Although born Ervin L. Williams in Millinocket, Maine, most of his life he went by a nickname – his first, “Wee Willie” (because of his stature), and then just “Willie.” Later on, because he hosted an early morning radio show, he acquired the more lasting nickname of “Early.”
In his teens, Williams became a member of a local band called the Northern Lights that toured his native state and across the nearby border in New Brunswick, Canada. Even with his noticeable New England accent, he formed a trio called The Virginians and got a job as a radio deejay for WCMS in Portsmouth, Virginia. It was there he met Capitol Records’ artist Gene Vincent who hired him as a rhythm guitarist for his band, the Blue Caps. For his pioneering role in the rockabilly genre and work on such Vincent classics as “Be Bop-A-Lula,” “Race with the Devil” and “Woman Love,” he was inducted into the Rockabilly Hall of Fame.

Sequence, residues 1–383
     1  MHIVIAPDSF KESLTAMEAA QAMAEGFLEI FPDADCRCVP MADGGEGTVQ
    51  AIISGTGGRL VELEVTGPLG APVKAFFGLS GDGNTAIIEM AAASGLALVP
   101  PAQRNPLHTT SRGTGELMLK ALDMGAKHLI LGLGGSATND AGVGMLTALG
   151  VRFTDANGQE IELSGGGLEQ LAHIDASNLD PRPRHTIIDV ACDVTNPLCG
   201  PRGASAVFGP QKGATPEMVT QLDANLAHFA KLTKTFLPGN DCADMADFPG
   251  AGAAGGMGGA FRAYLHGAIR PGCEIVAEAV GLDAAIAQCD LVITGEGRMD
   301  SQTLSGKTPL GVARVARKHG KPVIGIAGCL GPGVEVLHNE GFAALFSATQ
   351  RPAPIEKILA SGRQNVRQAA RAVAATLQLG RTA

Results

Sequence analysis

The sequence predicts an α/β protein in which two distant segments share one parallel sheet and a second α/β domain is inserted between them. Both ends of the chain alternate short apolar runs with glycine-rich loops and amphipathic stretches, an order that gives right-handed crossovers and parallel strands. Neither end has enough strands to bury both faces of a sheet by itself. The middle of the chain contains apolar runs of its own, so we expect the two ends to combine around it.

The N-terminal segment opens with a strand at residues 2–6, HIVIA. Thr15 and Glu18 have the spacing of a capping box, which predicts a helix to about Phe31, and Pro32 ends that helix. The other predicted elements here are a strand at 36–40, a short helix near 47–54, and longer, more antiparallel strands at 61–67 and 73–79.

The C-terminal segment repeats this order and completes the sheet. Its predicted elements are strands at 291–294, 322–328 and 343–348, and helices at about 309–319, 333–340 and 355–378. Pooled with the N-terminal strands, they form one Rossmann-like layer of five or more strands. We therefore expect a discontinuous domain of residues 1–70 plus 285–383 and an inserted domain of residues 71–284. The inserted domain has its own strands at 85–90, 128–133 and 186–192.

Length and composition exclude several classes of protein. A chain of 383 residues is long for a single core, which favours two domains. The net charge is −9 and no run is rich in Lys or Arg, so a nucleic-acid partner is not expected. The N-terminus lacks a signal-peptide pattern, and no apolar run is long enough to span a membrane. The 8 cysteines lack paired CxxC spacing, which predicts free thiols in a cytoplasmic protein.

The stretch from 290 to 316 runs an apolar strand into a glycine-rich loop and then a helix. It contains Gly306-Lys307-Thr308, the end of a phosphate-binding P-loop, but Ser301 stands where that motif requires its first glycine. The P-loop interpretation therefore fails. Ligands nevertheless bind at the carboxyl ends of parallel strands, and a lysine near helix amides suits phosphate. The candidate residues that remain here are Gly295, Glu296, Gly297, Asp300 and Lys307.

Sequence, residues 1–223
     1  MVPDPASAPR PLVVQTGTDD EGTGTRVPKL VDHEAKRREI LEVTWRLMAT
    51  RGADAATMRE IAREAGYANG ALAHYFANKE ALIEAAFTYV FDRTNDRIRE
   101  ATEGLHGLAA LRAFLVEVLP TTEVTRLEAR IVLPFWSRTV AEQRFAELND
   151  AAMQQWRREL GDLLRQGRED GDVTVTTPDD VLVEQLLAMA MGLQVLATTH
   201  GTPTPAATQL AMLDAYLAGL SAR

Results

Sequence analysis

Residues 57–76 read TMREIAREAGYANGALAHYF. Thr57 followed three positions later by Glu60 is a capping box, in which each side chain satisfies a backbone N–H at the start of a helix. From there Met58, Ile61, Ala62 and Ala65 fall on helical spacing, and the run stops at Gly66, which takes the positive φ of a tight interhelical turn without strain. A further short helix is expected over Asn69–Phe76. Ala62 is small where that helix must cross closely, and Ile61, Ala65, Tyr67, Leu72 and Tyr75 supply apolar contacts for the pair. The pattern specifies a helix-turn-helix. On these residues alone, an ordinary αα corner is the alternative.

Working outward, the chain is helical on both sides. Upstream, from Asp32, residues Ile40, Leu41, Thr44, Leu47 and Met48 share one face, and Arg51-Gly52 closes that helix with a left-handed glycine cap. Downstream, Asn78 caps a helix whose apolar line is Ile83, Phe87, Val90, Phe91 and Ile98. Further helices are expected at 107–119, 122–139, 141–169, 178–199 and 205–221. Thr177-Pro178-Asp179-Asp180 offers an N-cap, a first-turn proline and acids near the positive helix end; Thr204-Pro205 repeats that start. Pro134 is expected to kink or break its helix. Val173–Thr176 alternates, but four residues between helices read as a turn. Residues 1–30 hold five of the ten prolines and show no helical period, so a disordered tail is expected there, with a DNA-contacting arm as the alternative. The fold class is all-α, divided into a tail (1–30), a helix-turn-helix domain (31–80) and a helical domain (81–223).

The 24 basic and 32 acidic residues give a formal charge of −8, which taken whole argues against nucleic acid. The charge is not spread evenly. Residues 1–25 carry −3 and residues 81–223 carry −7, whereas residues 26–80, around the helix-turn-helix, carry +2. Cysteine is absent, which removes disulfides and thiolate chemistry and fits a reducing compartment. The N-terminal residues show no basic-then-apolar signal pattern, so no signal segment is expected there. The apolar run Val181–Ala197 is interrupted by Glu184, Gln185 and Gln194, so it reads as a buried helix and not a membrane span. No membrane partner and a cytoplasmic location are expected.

After leaving the Blue Caps, Willie spun records for WRNL in Richmond, Virginia and WSEN in Syracuse, New York where he picked the nickname, ‘Early.’ His next stop was Kansas City at KCKN in 1967. The following year he was with Nashville’s WENO. Then he moved into music publishing, first for Newkey Publishing and then as a record promoter for Tree International. He co-wrote several country tunes and also worked with the Johnny Cash television show and House of Cash. It was during this period he narrated a children’s musical album based on Mark Twain’s “Tom Sawyer” for Golden Books’ recording division.
After moving to Florida, he found deejay work with Bradenton’s WTRL AM-1490 and WBRD AM-1420. Eventually, radio took a back seat and he went on to become a successful sales executive for Meridian Staffing in the employee-leasing field.
Early Williams passed away in August 1999 at the age of 63 as the result of a shooting accident in front of his home.
1975 - 1985 Other Tampa Bay Area Stations (On Air Personality)